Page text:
Today, of course, with the impact of the war in Ukraine resulting in an 11-fold increase in energy costs for InfiniteSea during 2022, lessons learned during the efficiency project are being put to good use as part of the redevelopment of the Völklingen enterprise.  

“Our objective here is to examine all the different aspects of our existing RAS structure to ensure they are each working at optimum efficiency, very much in line with the core aspects of the SENECT-based project,” said Mäck. “This includes energy usage, which has become an increasingly important consideration for us over the past 12 months.”

Key focus points to date have involved seeking improvements in the Völklingen unit’s water treatment processes, adaptive control systems, drum filters, degassing procedure, and more. 

Andreas Mäck (right) plans further efficiency steps by reducing its systems’ reliance on water aeration.

Pilot unit
“We began by establishing a small pilot unit consisting of three 2-cubic-metre tanks,” he said. “These were stocked with Arctic Char, a deliberate choice of species which allowed us to avoid running into output limitations caused by high stocking densities.  

“Across our work so far, we have seen that the farm’s energy consumption can be reduced by 20-50 per cent, despite continuing to use already developed technology.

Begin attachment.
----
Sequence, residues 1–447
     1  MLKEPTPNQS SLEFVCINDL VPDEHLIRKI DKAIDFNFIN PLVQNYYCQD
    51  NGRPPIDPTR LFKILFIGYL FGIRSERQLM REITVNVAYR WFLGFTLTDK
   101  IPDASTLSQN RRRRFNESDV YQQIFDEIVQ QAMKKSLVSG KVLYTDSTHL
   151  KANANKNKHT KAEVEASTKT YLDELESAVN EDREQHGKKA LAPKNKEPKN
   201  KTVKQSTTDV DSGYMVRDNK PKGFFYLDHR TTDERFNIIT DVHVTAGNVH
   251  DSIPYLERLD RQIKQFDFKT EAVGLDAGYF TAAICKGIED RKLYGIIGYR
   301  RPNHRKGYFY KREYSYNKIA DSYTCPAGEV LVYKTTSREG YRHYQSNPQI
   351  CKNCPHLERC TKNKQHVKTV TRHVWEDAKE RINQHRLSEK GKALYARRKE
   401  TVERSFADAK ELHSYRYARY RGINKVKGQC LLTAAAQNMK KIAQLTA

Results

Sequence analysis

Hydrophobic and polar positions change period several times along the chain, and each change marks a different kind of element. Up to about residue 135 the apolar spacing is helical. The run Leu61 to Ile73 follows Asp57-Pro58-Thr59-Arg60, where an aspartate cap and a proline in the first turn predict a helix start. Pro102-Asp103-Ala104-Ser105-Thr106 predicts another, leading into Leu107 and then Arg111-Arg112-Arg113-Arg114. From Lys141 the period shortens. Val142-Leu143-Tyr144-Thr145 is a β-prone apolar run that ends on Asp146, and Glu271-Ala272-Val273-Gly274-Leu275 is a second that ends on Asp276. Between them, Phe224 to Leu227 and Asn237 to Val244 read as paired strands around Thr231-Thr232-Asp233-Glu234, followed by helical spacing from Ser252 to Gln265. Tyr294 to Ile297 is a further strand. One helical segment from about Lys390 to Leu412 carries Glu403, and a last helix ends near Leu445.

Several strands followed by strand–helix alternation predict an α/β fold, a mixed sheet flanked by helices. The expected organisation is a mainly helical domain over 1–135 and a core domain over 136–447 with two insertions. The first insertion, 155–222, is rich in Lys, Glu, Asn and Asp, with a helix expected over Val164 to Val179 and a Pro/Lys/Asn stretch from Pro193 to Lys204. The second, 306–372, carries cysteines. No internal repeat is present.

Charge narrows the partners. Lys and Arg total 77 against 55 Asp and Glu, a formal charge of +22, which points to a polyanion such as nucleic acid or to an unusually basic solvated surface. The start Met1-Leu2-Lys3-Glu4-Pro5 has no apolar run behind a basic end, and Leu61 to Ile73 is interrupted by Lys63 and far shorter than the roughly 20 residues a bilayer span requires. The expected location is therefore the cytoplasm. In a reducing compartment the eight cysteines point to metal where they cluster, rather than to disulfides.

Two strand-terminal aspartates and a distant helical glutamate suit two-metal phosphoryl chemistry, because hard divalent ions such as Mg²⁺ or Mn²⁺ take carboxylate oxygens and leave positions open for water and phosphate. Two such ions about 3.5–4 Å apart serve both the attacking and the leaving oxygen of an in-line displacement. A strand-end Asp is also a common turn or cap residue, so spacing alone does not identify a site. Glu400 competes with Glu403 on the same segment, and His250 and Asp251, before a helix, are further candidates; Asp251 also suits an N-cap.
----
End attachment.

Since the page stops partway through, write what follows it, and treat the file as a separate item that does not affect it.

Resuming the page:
“Admittedly, some RAS equipment suppliers claim that one kWh per kilo of fish is achievable, but I’ve never seen that sort of performance being delivered under real commercial conditions, and I’ve visited several ‘low use’ operations to look for myself.”

Adding that many such ultra-low energy claims possibly fall into a :marketing category,” Mäck agreed there were several non-design/non-technology reasons why RAS-based units have an energy/output imbalance which doesn’t add up in terms of saleable fish production.  

“Our own business here, for example, was built to produce 600 tonnes a year, but it never reached even half of that figure,” he said. “A similar gap between potential capacity and achieved commercial output is no doubt being repeated elsewhere, resulting in an industry average which is nearer 50-60 per cent of the expected production capacity than we’d like to admit as a RAS community.”